Causes "walking pneumonia" or pharyngitis.

Secondary complications: Neurological abnormalities, arthritis

Strictly infects humans and spread through resp. droplets

Diagnose w/ PCR assay, cold agglutinin (RBCs fall out of serum when put in cold env.), or culture organism
Mycoplasma and Ureaplasma associated w/ STDs
Mycoplasma genitalium - urethritis and PID

Mycoplasma hominis

Ureaplasma urealyticum - cleaves urea, causes Urethritis
General characteristics of Spirochetes
Highly diverse
Gram (-)
Lack LPS
Visualized by dark field microscopy
Corscrew motion via endoflagella located b/w inner and outer membrane
Treponema pallidum
DOC = Penicillin G or Chloramphenicol to treat neurosyphilis since it gets into CNS easily

Causes syphilis

1.) Primary stage - spirochetes penetrate abrasions and disseminate. Non-painful Chancres develop that are rich in spirochetes if cultured
2.) Secondary stage - infection disseminated and causes flu-like symptoms and an infectious rash (may relapse)
3.) Tertiary stage - 20-30 years after infection. Organ destruction w/ granulatomous lesions called Gumma. Spirochetes hard to detect here. Can lead to neurosyphilis or death.

Virulence Factors:
1.) Hyaluronidase - facilitates invasion by breaking down tissue

Diagnosis - Bacteria Cannot be cultured
1.) Dark field microscopic exam of chancre
2.) VDRL or RPR - Damage from syphilis causes an increase in Cardiolipin and these tests measure this (not good for early or late phase)
3.) Treponemal antibody test for early and late phase

Natural immunity develops and lasts a few years
Congenital Syphilis
High chance of transmitting syphilis to child during birth.

Causes death, multi-organ deformities

Most born without symptoms, but can later develop rhinitis, rash, bony destruction, and cardiovascular syphilis

Prevention by testing mother before birth
Caused by T. pallidum subspecies pertenue

Initially painless papules that enlarge and ulcerate. Ulcers heal, but infection disseminates. Painful open sores may develop on the soles of the feet (crab yaws)

Mostly affects children
Caused by T. pallidum subspecies carateum

Less severe cutaneous disease

Begins w/ flat, reddened areas that turn into slate blue patches

Common in Indians in South America
DOC = Penicillin

Caused by T. pallidum subspecies endemicum

Slimy patch on the inside of the mouth followed by blisters on the trunk, arms, and legs. Bone infection may develop
Treponema denticola
Causes peridontal disease when there is a species imbalance in the oral cavity.

Peridontal disease may lead to endocarditis

Virulenc factors: Peptidases, complement binders, and proteases that allow organism to be very destructive to create deep anaerobic pockets where it can grow
Disease carried by birds

Caused by Chlamydia psittaci
Borrelial hermsii
DOC = Tetracycline

Causes Relapsing fever

Transmitted by Ornithodoros ticks (tick borne TBRF)

High grade fever, stopped by immune system, antigenic variation occurs, get new fever (many relapses)

Virulence Factors:
1.) 40 vmp genes, but only one is bound to the promoter region and expressed at a time
2.) FhbA - Binds FH and downregulate complement

Diagnosis - Microscopic examination of early spirochete filled blood smears. Need travel history
Baorrelial burgdorferi
DOC = Doxycycline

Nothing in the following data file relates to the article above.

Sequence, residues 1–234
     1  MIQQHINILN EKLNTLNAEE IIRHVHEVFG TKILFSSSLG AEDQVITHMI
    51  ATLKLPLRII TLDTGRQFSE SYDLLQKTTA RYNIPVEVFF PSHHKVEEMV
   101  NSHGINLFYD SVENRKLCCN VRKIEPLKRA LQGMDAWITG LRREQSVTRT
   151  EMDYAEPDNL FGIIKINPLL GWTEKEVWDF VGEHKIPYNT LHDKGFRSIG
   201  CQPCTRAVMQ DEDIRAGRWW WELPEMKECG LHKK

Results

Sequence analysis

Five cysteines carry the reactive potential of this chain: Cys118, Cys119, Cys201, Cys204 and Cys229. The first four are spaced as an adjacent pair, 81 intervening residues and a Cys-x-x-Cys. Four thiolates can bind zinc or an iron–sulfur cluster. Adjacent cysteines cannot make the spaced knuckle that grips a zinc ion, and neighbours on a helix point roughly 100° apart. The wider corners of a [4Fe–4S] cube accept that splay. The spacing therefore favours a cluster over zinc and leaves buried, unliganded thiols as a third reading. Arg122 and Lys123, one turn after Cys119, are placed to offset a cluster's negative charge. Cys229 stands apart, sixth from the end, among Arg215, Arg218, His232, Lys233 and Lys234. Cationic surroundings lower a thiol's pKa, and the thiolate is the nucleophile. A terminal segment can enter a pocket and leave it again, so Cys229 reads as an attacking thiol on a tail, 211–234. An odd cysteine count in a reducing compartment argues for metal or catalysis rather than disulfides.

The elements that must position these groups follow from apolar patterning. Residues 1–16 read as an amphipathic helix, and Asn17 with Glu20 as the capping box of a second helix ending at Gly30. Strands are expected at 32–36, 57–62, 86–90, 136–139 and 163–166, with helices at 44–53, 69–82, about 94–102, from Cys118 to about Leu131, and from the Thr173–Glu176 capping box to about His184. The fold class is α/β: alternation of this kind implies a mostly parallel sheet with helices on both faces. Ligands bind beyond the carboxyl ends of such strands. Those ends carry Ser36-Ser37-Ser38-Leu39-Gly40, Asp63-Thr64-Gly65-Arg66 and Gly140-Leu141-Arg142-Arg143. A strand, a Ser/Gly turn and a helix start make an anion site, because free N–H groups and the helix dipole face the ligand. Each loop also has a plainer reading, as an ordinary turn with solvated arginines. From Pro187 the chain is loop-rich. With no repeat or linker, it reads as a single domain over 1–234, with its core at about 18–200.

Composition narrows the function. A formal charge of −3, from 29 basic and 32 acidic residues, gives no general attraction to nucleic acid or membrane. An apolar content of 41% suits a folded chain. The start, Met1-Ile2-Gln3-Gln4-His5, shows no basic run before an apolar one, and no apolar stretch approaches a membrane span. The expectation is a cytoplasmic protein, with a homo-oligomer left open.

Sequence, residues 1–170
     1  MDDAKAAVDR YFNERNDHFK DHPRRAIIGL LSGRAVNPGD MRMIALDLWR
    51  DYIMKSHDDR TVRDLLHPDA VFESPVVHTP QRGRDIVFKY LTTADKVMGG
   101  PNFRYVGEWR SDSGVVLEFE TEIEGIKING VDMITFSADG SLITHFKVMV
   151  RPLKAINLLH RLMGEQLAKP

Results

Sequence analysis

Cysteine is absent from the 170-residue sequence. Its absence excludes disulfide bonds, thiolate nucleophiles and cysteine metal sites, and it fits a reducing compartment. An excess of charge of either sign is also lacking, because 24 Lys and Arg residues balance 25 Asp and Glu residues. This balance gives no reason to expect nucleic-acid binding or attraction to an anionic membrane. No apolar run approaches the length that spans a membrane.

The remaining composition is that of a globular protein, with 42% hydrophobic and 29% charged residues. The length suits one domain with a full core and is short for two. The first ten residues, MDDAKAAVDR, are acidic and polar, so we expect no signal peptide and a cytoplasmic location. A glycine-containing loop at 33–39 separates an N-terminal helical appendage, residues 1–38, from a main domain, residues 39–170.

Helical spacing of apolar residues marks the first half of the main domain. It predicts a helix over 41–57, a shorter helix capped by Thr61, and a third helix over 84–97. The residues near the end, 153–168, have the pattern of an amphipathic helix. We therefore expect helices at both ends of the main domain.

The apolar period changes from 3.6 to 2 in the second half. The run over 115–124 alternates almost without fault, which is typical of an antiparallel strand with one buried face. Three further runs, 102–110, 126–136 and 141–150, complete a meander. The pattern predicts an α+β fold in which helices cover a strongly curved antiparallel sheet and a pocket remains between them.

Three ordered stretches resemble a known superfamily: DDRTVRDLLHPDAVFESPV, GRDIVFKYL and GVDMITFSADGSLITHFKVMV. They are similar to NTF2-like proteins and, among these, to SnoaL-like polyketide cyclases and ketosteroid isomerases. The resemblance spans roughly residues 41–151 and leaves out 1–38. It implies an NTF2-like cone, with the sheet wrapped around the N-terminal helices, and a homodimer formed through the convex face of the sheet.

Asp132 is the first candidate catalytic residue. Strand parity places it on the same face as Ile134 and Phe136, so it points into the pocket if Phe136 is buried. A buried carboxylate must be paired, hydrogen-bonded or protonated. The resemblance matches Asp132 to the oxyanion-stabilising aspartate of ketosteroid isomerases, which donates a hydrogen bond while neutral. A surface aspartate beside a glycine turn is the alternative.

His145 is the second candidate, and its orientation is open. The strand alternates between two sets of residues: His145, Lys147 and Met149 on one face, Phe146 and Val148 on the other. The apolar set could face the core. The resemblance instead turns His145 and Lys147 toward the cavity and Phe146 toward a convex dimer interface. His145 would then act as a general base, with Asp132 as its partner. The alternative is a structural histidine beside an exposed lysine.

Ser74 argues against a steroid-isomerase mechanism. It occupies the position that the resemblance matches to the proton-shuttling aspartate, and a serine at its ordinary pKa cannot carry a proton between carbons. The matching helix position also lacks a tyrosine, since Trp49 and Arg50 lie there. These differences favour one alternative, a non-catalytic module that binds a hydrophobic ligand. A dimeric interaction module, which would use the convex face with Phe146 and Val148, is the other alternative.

Causes Lyme disease

No transovarial transmission ( new larvae born uninfected)

Characteristic erythema migrans rash at site of bite that expands. Also flu-like symptoms

If untreated it can progress to arthritis, neurological (bell's palsy), or cardiac problems

No protective immunity developed so can get reinfected

Virulence factors: Easily disseminates and binds FH to block complement

Diagnosis - ELISA, Western Blot 2 tier system is the best. New test is C6 ELISA
Leptospirae interrogans
DOC = Penicillin G

Causes Leptospirosis

characteristic hook at end of cells, grow in any moist environment, most common zoonosis, lives freely in env. (aerobic)

Enter through abrasions or conjunctiva - sudden onset of flu-like symptoms (no resp. symptoms) w/ fever - can either subside or turn into Weils disease

Weils disease - develops quickly and is potentially fatal. Systemic infection, renal failure, hepatic failure

1.) Darkfield microscopic examination
2.) MAT microagglutination test is the best, but only performed at a few centers

Can develop immunity, but only to one serobar
Generation Time Equation
n= logNt - logNo / log2

Generation time = t/n
4 phases of growth for bacteria
Lag phase - adaption to new medium
Exponential phase - constant growth (get generation time here)
Stationary phase - No growth (toxic accumulations)
Death phase
4 Bacterial Nutritional groups
1.) Phtolithotrophic - Light energy source, H20 reductang source, CO2 carbon source
2.) Photoorganotrophic - light energy source, reduced organic compunds reductant source, CO2 carbon source
3.) Chemolithotrophic - Inorganic energy source, inorganic reductant source, CO2 carbon source
Chemoorganotrophic - organic compunds for energy, reductant, and carbon source (all pahtogenic bacteria)
Acidophile examples
Streptococci and Lactic acid bacteria (E. coli)
MacConkey agar
Lactose fermenters are red

Inhibit Gram (+), selective fro Gram (-)

EMB plate can also be used to determine Lac (+) or (-)
Oxidative phosphorylation
Glycolysis = +2 ATPs, +2 NADH, +2 pyruvate

TCA Cycle (breakdown pyruvate)(products X2 for 2 pyruvate) = +1 ATP, +4 NADH, +1 FADH, +3CO2 for carbon skeleton

ETC = +34 ATP

Total ATP made = +38 ATP

More energy from NADH than FADH2 and more energy from O2 as e- acceptor than others all b/c of higher P/O ratio
Anapleurotic reactions